Not Little Horses with Big Ears

Donkeys come in all sizes,  including Holly Fisher's Mammoth Donkey gelding, Mud Flapp, a frequent show winner and trail mount. (Photo by Judy Heinrich)

Donkeys come in all sizes, including Holly Fisher’s Mammoth Donkey gelding, Mud Flapp, a frequent show winner and trail mount. (Photo by Judy Heinrich)

November’s “Donkey & Mule Day” at FENCE was a hit, with attendees coming from as far away as Atlanta and Charleston. Most had horses, many had donkeys and/or mules, and some came just to learn about these long-eared members of the equine family.

The all-day program was organized by Polk County residents Barbara Claussen and Tony Walters, who live with their horses and several rescued donkeys at a farm on Collinsville Road.

Presenters for the program included Kim Hayes, operations manager of the Donkey Sanctuary of Canada, along with one of the sanctuary’s regular farriers, Chris Gerber, and local equine veterinarian Kris Woodaman.

The Donkey Sanctuary of Canada (DSC) was established in 1992 to provide a haven for donkeys that no longer had homes. Through all those years, the DSC staff has been asked, “Why donkeys?” The sanctuary’s response is “Because it’s necessary… As one of our staff members puts it, the donkey is the forgotten equine, too often a subject of ridicule and too often considered disposable at the end of its working life.”

Donkeys seem to be a growing presence in our area, as companions for horses, for driving or riding, sometimes as guardians for other animals, or simply for the enjoyment of their gentle and often humorous personalities.

But in spite of their growing presence here, misconceptions about donkeys still persist, including that they are “stubborn” and/or “stupid.” Nothing could be further from the truth.

Why donkeys and horses are different

Many people, even horsepeople, tend to think of donkeys as “little horses with big ears” and consequently try to manage and train them the same way. While they are both members of the genus Equus, they are two unique species whose physical and mental attributes are products of very different environmental and evolutionary adaptation over millions of years. Here’s a brief overview, as explained by Kim Hayes.

The ancestors of today’s horse (Equus caballus) tended to exist and evolve in parts of the world with lush forage and plentiful water, such as the grass plains of Asia. That type of habitat supported the development of large herds living and moving together. Within this herd even the oldest, youngest and most infirm horses had relative safety as they could stay within the crowd and not be as obvious to predators.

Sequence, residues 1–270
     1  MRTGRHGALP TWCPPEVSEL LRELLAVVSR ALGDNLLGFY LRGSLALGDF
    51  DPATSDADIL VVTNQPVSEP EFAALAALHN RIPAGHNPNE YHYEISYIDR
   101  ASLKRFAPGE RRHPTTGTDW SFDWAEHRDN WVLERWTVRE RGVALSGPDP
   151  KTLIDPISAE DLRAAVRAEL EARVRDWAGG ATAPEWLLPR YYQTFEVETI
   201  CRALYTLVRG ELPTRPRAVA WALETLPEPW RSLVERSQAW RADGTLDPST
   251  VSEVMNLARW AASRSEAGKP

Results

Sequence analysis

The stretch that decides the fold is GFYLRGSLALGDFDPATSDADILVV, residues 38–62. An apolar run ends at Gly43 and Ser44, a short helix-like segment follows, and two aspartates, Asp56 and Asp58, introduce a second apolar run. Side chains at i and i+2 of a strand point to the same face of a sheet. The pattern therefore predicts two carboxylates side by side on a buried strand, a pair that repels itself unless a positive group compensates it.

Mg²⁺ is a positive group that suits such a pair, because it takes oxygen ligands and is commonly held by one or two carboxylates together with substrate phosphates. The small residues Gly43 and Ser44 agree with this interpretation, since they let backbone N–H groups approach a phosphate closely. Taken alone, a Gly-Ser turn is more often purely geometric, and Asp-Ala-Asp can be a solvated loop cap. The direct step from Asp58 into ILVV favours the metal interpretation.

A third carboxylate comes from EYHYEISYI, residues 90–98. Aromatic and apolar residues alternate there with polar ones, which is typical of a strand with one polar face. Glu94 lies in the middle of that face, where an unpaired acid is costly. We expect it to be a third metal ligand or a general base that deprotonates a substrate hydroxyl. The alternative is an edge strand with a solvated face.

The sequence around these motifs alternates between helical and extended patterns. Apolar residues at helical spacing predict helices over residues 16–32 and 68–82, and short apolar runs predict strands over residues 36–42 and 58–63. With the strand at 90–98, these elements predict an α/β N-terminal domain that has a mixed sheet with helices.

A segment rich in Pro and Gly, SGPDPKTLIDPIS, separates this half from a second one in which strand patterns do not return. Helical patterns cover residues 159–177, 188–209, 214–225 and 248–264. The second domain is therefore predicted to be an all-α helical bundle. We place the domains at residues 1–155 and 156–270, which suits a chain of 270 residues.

From this herd dynamic was born a social order based on a leader-follower model: the majority of the herd looked to the “alpha” horse to signal with subtle body language when and where to eat, drink, travel and, most importantly, gallop off to escape predators.

It is horses’ acceptance of the leader/follower model that has allowed humans to establish dominance over an animal many times their own size.

In contrast, the ancestors of today’s donkey (Equus asinus) lived and evolved primarily in areas such as the North African Desert, where both forage and water were scarce. That type of habitat did not support large groups of animals moving together. Instead, single Jacks (donkey stallions) would establish their own territories, through which donkey mares (jennets) would travel, usually with a foal and weanling, and sometimes with another mare and foal.

In the absence of herds and established leaders, donkeys had to think and make decisions about their own fates: where will I eat, sleep, move to, etc. They also learned to hide any signs of fear or pain that would encourage predators. And since a jennet running off from a predator would leave its foal unprotected, and a Jack running off could just be followed until it tired, both genders of donkeys learned to stand and fight against a predator, to the death if necessary, rather than try to run away. While donkeys will kick with their rear hooves, their most lethal weapons are strikes with their front hooves and clamping or ripping with their very strong jaws and teeth.